Kathy Andrade, a longtime garment union activist in New York City and a native of El Salvador who pushed the labor movement to embrace immigrants rather than view them as threatening the livelihoods of American-born workers, died July 2 in Manhattan. She was 88.
The cause was cardiac arrest, her husband, Jorge Colon, said.
From the early 1960s to 1995, Andrade was director of education for Local 23-25 of the International Ladies Garment Workers Union, a large and influential chapter in New York. But the title alone hardly conveyed her effect on her union, which represents men and women in the sewing trades. She embodied the boots-on-the-ground activism and intuitive people skills that helped the union thrive, helping countless immigrant garment workers navigate the path to citizenship, learn to speak English and even broaden their skills by teaching them how to make jewelry.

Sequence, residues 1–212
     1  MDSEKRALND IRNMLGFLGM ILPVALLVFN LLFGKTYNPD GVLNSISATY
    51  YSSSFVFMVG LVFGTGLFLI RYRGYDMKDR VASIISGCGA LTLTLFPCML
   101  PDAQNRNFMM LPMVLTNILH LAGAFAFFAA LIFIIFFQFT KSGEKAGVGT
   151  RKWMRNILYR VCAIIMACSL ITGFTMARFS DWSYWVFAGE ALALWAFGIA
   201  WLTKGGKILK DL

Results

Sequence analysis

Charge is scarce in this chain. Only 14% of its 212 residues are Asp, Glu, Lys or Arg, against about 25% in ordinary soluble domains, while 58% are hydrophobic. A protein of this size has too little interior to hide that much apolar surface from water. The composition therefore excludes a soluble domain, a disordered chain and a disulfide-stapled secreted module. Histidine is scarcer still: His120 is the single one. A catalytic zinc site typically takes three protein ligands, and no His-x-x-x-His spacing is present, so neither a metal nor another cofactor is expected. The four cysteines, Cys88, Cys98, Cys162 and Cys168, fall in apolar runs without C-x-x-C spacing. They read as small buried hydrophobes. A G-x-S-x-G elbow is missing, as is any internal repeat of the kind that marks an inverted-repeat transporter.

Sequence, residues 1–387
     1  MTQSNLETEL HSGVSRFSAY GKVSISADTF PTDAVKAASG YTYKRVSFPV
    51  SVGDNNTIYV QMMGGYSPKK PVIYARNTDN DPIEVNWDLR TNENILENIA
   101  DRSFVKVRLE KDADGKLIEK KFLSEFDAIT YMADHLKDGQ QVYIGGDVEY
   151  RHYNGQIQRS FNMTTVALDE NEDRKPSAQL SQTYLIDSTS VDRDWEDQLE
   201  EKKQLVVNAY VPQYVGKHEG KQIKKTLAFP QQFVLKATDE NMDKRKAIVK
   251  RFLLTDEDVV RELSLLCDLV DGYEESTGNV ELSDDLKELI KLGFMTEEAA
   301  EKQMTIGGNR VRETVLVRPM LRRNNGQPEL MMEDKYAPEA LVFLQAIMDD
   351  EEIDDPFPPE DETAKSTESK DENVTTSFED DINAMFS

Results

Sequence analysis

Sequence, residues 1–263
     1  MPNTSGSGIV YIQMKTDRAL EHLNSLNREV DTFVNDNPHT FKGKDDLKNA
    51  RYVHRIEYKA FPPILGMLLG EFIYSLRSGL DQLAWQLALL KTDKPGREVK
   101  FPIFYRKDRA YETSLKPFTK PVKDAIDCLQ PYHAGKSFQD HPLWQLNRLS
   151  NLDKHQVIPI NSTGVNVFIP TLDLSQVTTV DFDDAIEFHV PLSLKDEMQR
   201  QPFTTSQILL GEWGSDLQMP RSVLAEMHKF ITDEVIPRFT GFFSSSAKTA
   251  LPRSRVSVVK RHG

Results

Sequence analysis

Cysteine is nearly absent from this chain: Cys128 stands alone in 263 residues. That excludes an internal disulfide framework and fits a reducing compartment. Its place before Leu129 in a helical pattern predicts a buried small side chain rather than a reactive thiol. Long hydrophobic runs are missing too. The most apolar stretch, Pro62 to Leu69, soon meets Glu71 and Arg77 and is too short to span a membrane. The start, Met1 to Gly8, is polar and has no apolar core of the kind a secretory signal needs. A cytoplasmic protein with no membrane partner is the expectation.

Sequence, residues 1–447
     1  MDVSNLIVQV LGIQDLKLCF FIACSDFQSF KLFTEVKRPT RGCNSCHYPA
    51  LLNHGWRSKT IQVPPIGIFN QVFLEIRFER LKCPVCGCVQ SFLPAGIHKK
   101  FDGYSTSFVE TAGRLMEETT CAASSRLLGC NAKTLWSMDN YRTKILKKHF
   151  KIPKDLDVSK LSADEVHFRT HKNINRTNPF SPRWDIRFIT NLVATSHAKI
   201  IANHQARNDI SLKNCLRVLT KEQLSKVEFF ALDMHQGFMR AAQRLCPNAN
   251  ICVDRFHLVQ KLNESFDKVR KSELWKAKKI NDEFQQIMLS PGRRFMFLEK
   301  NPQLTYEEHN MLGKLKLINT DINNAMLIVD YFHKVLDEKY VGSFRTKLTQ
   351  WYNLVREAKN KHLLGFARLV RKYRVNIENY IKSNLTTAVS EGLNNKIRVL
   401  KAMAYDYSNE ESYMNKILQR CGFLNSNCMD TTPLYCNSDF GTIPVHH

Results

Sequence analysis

“She was like the Godfather,” Ana Ramirez, a relative who as a child would visit Andrade at work in Manhattan’s garment district. “There would be a line of people outside her office, just waiting to get help.”
When Andrade started with the ILGWU, many organized labor officials saw immigrants, whether living in the country with legal permission or not, as jeopardizing the job prospects and higher wages of union members, labor historian Rachel Bernstein said in an interview.